Interview with San Francisco Rising Star Bartenders Mo Hodges & Brian Felley of Benjamin Cooper

by Sean Kenniff
June 2016

Sean Kenniff: How did you get your start? 
Mo Hodges:
I'm from outside Philly but lived in Denver for 7 years before moving to San Francisco 4 years ago. Did work-study job in college, banquet bartending and pouring wine. I studied metal sculpture at Elizabethtown University near Harrisburg, Pennsylvania. 

SK: What was your first formative bartending experience? 
When I moved to Denver, I was kinda kicking around and ended up bartending with a guy named Justin Watson—who's now in the oil business—but he taught me the dance. He showed me how to handle people when I was a 23 year old punk; he gave me the chops. Then I worked at Vita, and did some forward thinking cocktails. From there, I worked at the Squeaky Bean where Sean Canyon took over the bar program. I really started honing technique there and getting creative. Then I did a brief stint at Tag with Chef Troy Guard. He was really in to produce and would bring in ingredients and drop them off at the bar. I worked with fun guys there and everyone wanted to experiment behind the bar. 
Then I decided to move to San Francisco as a challenge; Denver was beginning to feel small. I cruised out here and my buddy introduced me to Brian [Felley] who had just opened Big. They were like, take this and run with it. Big was a menu-less bar. The whole staff is here now [at Benjamin Cooper] and we've been open a year.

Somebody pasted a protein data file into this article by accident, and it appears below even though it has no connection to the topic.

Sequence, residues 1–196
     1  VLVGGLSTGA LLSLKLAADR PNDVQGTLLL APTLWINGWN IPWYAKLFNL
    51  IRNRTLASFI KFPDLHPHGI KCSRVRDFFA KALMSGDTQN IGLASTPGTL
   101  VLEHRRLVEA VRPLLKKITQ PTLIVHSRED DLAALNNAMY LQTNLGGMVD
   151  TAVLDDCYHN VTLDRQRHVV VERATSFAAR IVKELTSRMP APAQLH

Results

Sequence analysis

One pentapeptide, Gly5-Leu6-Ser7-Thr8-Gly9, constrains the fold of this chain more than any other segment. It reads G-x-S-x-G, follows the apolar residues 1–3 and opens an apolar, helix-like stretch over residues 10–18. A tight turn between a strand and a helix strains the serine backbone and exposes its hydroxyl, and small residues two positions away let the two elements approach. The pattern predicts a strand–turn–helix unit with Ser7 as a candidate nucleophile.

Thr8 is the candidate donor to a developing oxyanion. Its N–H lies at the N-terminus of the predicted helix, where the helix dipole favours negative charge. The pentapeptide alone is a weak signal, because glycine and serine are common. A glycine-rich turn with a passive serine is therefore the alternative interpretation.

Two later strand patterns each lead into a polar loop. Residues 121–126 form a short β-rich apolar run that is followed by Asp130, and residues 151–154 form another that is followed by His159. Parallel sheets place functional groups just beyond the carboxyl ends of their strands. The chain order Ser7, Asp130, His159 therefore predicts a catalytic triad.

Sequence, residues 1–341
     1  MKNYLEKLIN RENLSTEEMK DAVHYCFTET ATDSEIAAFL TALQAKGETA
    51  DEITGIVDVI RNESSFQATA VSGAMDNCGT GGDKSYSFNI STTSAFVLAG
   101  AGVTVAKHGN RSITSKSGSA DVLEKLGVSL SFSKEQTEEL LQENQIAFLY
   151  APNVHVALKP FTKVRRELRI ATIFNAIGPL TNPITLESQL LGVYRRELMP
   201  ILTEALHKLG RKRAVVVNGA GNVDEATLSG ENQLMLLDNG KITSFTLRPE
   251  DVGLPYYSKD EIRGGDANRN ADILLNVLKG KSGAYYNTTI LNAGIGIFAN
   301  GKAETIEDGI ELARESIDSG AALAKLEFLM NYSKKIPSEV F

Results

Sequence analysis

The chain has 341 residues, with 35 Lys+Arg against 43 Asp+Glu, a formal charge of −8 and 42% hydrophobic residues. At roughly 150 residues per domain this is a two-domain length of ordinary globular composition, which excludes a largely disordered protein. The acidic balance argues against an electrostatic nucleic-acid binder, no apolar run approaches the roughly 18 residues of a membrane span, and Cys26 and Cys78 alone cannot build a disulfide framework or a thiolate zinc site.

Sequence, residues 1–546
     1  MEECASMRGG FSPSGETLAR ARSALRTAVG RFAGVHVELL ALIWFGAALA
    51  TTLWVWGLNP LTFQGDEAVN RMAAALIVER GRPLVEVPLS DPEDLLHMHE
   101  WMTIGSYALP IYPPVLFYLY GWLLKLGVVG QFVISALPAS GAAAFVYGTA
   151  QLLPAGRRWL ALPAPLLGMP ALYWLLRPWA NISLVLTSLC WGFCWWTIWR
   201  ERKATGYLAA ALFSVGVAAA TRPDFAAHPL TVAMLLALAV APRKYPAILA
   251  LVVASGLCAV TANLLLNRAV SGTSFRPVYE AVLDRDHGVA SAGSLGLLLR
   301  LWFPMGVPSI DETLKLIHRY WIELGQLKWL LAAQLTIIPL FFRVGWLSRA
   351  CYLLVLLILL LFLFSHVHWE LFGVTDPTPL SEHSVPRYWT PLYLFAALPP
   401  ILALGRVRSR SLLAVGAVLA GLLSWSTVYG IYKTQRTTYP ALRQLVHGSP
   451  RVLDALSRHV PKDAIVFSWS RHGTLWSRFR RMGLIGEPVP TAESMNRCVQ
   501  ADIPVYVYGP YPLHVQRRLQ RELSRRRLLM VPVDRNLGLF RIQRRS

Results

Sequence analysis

SK: How are you involved in the local culinary community? 
There is a real sense of togetherness in the bar community here. I don't think it was as friendly before, more clique-y. But things are different now. We have an active Bartenders' Guild and people check their egos at the door. There are a lot of people doing a lot of really cool things. Our focus is on hospitality, first and foremost: we consider the guest in front of us. 

SK: What is the biggest challenge facing your restaurant?
Construction. Cocktails and assembling a team were the easy part. The city of San Francisco likes to throw up a lot of hurdles. It's much easier to open a tech company here than a bar. Keeping the menu current is also a challenge, we try not to leave the same things on too long. 

SK: What is your five year plan? 
Brian Felley:
I want to open more bars and get more involved in the management side rather than the daily grind, but still really be involved.  
MH: I feel the same as Brian. I want to bring everyone up by creating more opportunities for bartenders. We're quietly working on another bar concept right now. For us, it's about filling a void and a niche. The idea can evolve from just seeing a place in the neighborhood.  

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